Plant-Based Eating Helped Me Avoid a Hysterectomy
Jessica Murnane of One Part Plant on endometriosis, Lena Dunham & why cold turkey isn’t the answer.
Painful sex! Frequent urination “to the point where you’re peeing on the street and can’t make it to the bathroom”! Blood clots! Insomnia! Fertility issues! And, most notoriously, periods so painful you can’t leave the house! Endometriosis sounds cool, huh? And given that it affects approximately 1 in 10 women in North America, it's kind of puzzling that with symptoms like these, we don't talk about it more. That was, until, diagnosees with million-follower-strong Instagram accounts started to get real about their own experiences—think Jaime King, Padma Lakshmi and Lena Dunham, just to name a handful.
Even more surprising? With so many women dealing with this every damn day, there’s not a whole lot in the way of management for endo or its myriad symptoms. But, as with most things, it turns out that what you’re putting in your body is a pretty good place to start. Especially when the only other real option you’re considering is a hysterectomy in your 20s. Jessica Murnane, of One Part Plant, has been there—and plant-based eating, as you might glean from the title of this story, is precisely what pulled her out.
P.S. Jessica says that every woman’s body is different and what works for her might not work for everyone. Consult your doctor and do your homework. The film Endo What? is a great place to start.
What led to her lifestyle overhaul & how it changed her life (for real, guys):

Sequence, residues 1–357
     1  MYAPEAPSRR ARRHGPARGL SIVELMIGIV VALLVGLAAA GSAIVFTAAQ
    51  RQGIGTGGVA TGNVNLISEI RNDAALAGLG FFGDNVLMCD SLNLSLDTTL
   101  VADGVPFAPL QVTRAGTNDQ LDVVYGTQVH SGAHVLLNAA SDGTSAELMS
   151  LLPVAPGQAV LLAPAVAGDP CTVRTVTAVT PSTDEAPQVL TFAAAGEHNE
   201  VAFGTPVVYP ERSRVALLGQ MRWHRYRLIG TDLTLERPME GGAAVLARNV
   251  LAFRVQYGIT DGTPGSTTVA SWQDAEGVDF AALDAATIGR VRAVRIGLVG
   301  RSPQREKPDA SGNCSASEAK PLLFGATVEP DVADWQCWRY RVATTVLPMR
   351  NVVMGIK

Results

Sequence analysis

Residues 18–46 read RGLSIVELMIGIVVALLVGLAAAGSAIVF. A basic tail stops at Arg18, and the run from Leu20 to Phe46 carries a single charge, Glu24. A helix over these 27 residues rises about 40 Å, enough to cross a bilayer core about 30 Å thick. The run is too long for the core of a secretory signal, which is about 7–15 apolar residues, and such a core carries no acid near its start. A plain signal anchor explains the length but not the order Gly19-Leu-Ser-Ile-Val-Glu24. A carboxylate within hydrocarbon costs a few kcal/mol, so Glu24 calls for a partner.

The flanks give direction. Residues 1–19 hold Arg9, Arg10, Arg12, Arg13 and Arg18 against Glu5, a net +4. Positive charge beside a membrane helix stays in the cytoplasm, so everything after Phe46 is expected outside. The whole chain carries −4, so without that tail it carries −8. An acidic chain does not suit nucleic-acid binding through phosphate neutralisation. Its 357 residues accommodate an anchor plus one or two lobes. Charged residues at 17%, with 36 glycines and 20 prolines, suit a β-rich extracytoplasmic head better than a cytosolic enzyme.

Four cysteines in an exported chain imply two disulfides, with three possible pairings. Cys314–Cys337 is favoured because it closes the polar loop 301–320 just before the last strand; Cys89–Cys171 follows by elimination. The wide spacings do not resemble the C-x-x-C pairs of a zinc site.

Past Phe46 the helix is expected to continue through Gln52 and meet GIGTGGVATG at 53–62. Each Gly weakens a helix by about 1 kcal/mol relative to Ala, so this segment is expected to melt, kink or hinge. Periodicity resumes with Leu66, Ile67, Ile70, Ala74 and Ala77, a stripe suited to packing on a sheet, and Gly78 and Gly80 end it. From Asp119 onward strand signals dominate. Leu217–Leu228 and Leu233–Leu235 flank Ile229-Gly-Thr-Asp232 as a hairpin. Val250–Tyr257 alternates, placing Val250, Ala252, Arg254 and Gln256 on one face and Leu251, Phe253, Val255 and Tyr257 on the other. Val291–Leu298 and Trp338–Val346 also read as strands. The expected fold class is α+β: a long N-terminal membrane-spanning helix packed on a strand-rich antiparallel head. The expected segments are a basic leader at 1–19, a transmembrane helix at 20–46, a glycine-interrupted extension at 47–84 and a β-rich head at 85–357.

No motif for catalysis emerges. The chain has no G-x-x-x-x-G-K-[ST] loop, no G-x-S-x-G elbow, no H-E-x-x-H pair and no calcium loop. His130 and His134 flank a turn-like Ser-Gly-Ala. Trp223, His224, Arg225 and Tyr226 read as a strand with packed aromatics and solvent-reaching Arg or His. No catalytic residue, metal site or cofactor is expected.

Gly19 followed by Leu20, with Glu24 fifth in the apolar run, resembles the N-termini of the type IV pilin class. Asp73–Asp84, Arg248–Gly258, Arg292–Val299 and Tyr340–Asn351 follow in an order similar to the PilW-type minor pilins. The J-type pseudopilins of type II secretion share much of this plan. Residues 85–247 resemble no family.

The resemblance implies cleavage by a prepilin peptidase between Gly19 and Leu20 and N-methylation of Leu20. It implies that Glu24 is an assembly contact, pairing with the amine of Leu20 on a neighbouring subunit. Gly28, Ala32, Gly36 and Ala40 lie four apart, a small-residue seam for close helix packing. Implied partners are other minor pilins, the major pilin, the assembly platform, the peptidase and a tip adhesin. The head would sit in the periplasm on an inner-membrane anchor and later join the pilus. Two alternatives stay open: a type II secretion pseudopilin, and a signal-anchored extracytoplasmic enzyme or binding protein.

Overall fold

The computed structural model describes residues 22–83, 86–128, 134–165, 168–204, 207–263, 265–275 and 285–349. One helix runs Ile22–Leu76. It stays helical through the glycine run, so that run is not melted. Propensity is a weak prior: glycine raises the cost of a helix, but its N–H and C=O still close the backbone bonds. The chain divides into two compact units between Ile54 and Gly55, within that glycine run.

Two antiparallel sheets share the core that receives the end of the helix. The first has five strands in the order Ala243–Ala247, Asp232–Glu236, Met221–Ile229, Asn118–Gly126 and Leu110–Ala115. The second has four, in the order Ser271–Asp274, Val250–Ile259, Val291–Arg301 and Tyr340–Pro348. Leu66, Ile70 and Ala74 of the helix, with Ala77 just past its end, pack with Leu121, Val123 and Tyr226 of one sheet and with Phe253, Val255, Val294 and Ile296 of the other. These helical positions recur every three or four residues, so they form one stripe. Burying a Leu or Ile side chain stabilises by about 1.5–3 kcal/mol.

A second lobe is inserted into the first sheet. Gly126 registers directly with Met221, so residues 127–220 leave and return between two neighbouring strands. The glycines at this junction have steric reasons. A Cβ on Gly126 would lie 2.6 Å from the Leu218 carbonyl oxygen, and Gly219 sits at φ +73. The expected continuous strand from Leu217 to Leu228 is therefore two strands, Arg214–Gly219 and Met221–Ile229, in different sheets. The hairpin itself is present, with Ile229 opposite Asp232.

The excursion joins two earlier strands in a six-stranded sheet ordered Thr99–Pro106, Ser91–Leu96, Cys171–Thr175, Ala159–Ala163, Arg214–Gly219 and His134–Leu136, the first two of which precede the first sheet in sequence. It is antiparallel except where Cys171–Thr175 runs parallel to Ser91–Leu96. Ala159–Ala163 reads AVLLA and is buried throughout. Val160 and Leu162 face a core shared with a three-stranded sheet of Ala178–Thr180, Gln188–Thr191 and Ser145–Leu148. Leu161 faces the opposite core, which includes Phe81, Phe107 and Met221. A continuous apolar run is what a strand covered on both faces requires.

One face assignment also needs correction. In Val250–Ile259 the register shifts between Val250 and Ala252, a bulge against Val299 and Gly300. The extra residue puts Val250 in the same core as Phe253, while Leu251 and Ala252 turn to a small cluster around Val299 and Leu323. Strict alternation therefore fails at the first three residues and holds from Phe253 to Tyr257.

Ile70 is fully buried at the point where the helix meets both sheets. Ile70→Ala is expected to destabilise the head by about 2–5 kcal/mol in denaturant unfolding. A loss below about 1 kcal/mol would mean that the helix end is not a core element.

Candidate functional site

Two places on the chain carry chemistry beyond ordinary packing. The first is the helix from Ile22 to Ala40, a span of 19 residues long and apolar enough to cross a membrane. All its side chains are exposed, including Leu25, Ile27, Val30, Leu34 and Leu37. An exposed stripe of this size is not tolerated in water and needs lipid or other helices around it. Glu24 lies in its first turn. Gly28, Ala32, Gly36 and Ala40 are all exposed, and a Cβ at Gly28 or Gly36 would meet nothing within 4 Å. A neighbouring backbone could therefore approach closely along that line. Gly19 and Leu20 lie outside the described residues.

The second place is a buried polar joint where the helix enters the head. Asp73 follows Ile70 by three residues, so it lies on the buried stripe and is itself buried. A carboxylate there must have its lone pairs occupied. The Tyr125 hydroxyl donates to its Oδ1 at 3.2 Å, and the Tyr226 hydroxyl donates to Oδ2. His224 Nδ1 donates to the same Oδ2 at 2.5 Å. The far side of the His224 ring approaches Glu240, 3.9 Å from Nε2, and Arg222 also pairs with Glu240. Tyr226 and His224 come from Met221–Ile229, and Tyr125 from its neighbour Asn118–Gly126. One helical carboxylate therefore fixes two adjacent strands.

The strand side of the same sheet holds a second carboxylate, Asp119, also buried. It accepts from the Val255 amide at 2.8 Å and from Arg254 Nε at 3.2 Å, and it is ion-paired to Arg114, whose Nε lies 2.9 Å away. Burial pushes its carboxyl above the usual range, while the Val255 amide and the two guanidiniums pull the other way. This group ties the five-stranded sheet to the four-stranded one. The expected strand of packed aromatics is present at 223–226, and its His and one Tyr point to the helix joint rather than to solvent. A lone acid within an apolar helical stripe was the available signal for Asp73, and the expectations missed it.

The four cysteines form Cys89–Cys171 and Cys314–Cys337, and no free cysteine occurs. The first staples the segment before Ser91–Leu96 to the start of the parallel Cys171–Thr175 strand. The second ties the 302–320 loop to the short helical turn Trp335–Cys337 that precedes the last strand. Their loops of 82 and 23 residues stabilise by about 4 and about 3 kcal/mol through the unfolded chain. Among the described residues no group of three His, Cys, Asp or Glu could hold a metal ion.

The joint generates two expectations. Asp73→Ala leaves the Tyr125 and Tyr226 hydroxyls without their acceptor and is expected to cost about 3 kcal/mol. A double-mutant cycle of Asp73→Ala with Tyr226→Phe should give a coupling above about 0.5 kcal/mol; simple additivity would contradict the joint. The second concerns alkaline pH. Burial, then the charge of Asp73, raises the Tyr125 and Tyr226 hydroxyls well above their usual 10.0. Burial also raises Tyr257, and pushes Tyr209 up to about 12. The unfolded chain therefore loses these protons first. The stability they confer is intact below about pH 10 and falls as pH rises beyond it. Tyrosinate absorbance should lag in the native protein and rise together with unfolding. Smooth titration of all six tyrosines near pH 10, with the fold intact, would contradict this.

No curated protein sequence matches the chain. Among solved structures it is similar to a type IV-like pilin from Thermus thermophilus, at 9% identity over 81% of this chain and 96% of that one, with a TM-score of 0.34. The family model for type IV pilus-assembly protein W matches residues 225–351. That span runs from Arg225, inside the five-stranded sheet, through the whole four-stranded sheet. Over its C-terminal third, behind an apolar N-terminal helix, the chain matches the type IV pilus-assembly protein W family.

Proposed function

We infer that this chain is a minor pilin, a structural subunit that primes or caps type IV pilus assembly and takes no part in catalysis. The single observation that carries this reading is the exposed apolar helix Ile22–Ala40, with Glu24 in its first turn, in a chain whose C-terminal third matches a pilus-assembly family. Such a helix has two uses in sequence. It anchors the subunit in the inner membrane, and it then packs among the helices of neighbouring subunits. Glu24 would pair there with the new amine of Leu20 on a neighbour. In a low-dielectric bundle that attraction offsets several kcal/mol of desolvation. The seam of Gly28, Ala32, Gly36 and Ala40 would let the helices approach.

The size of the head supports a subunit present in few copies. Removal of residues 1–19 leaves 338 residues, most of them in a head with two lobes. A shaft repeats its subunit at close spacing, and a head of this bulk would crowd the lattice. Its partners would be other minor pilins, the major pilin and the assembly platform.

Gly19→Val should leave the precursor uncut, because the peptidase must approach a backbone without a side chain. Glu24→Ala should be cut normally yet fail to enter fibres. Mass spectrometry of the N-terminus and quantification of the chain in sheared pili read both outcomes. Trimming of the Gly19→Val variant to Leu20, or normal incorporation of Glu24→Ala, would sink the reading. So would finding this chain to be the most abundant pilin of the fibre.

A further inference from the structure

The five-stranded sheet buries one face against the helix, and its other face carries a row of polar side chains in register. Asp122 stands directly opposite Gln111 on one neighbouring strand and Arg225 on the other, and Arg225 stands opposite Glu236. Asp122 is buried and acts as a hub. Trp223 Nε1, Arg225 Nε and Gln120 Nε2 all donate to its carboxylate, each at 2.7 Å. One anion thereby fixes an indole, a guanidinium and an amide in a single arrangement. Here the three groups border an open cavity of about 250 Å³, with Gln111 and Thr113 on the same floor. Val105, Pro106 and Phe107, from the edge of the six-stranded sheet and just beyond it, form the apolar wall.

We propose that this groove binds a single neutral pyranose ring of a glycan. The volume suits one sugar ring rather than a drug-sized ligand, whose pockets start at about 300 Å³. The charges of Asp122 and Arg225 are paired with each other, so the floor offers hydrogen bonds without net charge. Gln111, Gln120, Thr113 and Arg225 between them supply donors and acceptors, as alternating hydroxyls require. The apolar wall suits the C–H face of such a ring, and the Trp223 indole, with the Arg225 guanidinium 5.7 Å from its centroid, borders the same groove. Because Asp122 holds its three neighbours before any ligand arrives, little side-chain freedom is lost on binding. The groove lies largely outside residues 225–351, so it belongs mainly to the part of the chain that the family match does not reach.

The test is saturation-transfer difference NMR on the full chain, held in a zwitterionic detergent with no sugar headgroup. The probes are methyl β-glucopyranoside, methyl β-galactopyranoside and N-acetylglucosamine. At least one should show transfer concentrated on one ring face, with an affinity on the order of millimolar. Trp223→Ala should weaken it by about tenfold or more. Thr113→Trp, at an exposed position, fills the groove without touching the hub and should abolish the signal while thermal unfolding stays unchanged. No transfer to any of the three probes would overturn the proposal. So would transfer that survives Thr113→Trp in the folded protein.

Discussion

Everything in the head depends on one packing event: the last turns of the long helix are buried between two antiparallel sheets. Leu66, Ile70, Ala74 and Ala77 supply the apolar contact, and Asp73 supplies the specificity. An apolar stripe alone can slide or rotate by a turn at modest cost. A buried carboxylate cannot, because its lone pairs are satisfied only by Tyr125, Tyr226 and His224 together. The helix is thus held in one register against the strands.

“I wasn’t diagnosed until I was 28 years old, maybe 29. One of my cysts ruptured, and it was one of the most excruciating pains you could ever experience. I ended up having to go to the ER. The funny thing is, my entire life, since I’ve had my period, I would go to my doctors, my gynecologist, and complain about all the symptoms I had.
I actually ended up having to get emergency surgery. They cut me from hip to hip, and they pulled out a few different cysts that had been growing since I had my period, basically. It just got to a point where my doctor said, ‘I can’t operate on you anymore, so your options are to go on Lupron or to get a hysterectomy.’ I decided that I wanted to get a hysterectomy [at 30], but then [I decided I would change] my diet, and my symptoms went away. It’s been six years—my entire life has changed!”
The biggest misconception about living with endometriosis:
“For a lot of women, it’s not just feeling pain during your period; you feel it the week before, you can feel it all month. Living with chronic pain, it can really cause you to have deep depression and feel like ‘If this is going to happen every single month, what the fuck is my life,’ you know? Do I have to live like this forever!? It’s hard to be positive.”
Plant-based versus vegan (& why she prefers the former):
“I adapted to a 100% plant-based diet. When you use the word ‘vegan,’ it doesn’t necessarily mean ‘healthy.’ To me, a plant-based diet is really focusing on whole foods; it’s taking out things that are processed. Let’s say you’re going to the grocery store and you’re buying a jar of almond butter, you want the ingredients to read ‘almond butter’—just almonds, or maybe almonds and salt. Looking for foods in their whole form. That’s not to say that I have never eaten something that’s packaged, but the key is taking out foods that are inflammatories.”
How she first began to change her eating habits:
“In the first few months, I allowed myself to have [things I’d cut out] once a week. Then I slowly began to realize that having it once a week just wasn’t worth it anymore. I haven’t eaten dairy in five years now, I haven’t eaten meat in five years now. You just get to a point where you realize it’s not worth it. I also think you get to a point where your taste buds change and, as crazy as it sounds, you start craving other things.”